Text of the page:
The top causes of stress in the U.S. are money and work-related pressures, according to a 2013 survey from the American Psychological Association. Stress can also arise from major life changes, such as the death of a loved one, divorce, illness, or losing a job. Traumatic stress is brought on by an extreme event such as a major accident, exposure to violence, or a natural disaster such as a hurricane or flood.
Caring for a person with severe illness—such as dementia or cancer—can also be a significant source of stress. More than a decade ago, studies by Kiecolt-Glaser and others showed that the stressful demands placed on caregivers can lead to poorer health, lower responses to vaccines, increased inflammation, and a more than 60% higher death rate compared to non-caregivers.
It’s not clear why some people can sidestep or recover more quickly from stress than others. These resilient people seem to “bounce back” more easily after stressful situations. Recent studies of animals suggest that resiliency may depend at least in part on our genes. But learning healthy ways to cope with stress can also boost your resilience.
“There are many different ways to cope with stress. We know from a lot of different studies that having close personal relationships—people with whom you can talk, with whom you can share your feelings—can be helpful,” says Kiecolt-Glaser. “So spending time with family and friends in order to maintain those relationships is perhaps one of the most crucial things you can do as a stress reducer.”
Unfortunately, Kiecolt-Glaser adds, “when we’re stressed, we tend to do the worst things that are not at all helpful to our health.”
For instance, stressed out people may tend to isolate themselves and not seek social support. “Exercise is a great stress reducer. But when people are stressed, exercise becomes less common and less appealing,” Kiecolt-Glaser says. “Instead of maintaining a healthy diet—also important to reducing stress—some people who are stressed tend to eat more donuts than vegetables.”
You may think that the agitation brought on by stress might help to burn calories. But evidence hints that the opposite is more likely. Kiecolt-Glaser and colleagues found that, compared to nonstressed people, those who were stressed burned fewer calories after high-fat meals and they produced more of the hormone insulin, which enhances fat storage. “So stress may contribute to weight gain and obesity through these biological routes,” Kiecolt-Glaser adds.
Getting enough sleep is also key to resilience and stress relief—although stress itself can interfere with sleep. To improve your sleep habits, go to bed the same time each night and get up the same time each morning, and limit the use of light-emitting electronics like computers and smartphones before bed. The light can reduce production of a natural sleep hormone called melatonin, which then makes it hard to fall asleep.
Beyond recommendations for exercise, healthy diet, social contacts, and getting enough sleep, Green McDonald says, “studies have also shown that mindfulness (focused attention on one’s own emotions) and other meditative practices can effectively relieve stress.”
“Mindfulness means staying aware and conscious of your experiences. No matter what we’re doing, we can always make time to bring our attention to our breath and body and stay there for a short period of time,” says NIH psychologist Dr. Rezvan Ameli, who specializes in mindfulness practice. “Recent studies show that even short periods of mindful attention can have a positive impact on health and well-being.”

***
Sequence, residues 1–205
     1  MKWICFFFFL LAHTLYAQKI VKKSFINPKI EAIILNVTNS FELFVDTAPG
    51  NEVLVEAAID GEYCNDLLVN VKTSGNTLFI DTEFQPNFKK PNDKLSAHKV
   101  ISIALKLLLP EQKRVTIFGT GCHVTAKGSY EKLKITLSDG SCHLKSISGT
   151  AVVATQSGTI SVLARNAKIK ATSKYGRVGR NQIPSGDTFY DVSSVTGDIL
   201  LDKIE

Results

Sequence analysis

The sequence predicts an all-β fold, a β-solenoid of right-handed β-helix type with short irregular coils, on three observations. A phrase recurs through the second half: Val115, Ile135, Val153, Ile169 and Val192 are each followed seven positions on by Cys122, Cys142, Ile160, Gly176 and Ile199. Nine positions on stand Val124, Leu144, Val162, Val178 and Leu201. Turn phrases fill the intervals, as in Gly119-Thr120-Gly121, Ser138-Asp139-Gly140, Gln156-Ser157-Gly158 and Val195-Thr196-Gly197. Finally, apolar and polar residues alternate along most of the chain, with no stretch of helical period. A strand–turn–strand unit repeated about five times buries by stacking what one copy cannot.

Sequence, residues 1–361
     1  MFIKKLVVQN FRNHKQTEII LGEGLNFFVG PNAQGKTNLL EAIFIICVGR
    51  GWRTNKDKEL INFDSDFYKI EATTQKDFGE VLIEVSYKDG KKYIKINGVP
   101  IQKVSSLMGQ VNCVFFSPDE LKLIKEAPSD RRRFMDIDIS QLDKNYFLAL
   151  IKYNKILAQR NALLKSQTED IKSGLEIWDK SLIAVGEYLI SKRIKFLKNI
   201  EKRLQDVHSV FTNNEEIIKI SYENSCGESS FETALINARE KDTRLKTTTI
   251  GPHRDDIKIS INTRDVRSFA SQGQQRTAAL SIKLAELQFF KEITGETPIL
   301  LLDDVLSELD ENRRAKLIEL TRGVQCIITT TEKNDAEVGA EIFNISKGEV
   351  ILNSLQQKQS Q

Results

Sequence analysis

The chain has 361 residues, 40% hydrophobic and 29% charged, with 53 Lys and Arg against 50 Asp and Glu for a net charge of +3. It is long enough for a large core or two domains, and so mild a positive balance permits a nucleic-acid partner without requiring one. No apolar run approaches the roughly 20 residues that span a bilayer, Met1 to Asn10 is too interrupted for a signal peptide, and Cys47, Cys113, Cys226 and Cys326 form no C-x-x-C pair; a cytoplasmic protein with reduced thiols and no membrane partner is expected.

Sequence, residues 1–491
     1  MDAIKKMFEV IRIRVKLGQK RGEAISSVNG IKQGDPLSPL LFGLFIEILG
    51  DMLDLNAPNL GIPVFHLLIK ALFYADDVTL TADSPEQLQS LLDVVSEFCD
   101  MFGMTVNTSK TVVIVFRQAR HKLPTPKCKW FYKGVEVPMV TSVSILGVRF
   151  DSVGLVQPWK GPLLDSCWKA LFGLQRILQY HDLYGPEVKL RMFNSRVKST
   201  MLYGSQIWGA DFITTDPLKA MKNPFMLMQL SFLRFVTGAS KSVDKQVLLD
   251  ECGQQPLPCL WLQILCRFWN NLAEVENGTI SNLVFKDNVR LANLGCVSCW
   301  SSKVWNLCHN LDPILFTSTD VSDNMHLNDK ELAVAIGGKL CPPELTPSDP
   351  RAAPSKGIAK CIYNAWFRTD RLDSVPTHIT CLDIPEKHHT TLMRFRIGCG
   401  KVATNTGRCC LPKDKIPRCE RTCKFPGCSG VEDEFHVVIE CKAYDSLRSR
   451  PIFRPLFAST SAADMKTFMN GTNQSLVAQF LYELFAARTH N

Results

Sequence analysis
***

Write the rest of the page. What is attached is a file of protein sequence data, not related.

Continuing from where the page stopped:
Other NIH-funded studies have shown that mindfulness meditation can reduce stress, alter brain structure and function, and have a positive effect on the immune system.
“Mindfulness is a simple and effective tool that anybody can use to reduce stress,” Ameli says. Although the concept is simple, becoming more mindful requires commitment and practice. You can learn more about mindfulness meditation from local resources like yoga or meditation classes, mindfulness-based stress-reduction programs, or books.
If you feel overwhelmed by stress, talk with a health care provider or mental health professional. Medications or other therapies might help you cope. In the long run, reducing stress may help you to slow down and enjoy your time with the people and activities you really care about.
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Opportunities Abound for Moving Around
Get Active, Wherever You Are
You know that physical activity can help you live a longer, healthier life. But did you know you don’t need to join a gym or use costly equipment to be physically active? No matter where you live, work, or go to school, you can find ways to move more and sit less throughout your day. In addition to helping your health, you might have fun without spending a lot of money.
Moving more and sitting less can reduce your risk for many serious conditions, including heart disease, diabetes,, and certain kinds of cancer. Some studies suggest that physical activity can have mental benefits as well, helping to relieve depression and maintain thinking abilities as you age. Healthful physical activity includes exercise as well as many everyday activities, such as doing active chores around the house, yard work, or walking the dog.
Activities that cause you to breathe harder are called aerobic activities. These make your heart and blood vessels healthier. Aerobic activities include brisk walking, dancing, swimming, and playing basketball. Strengthening activities, like push-ups and lifting weights, help make your muscles and bones stronger and can also improve your balance.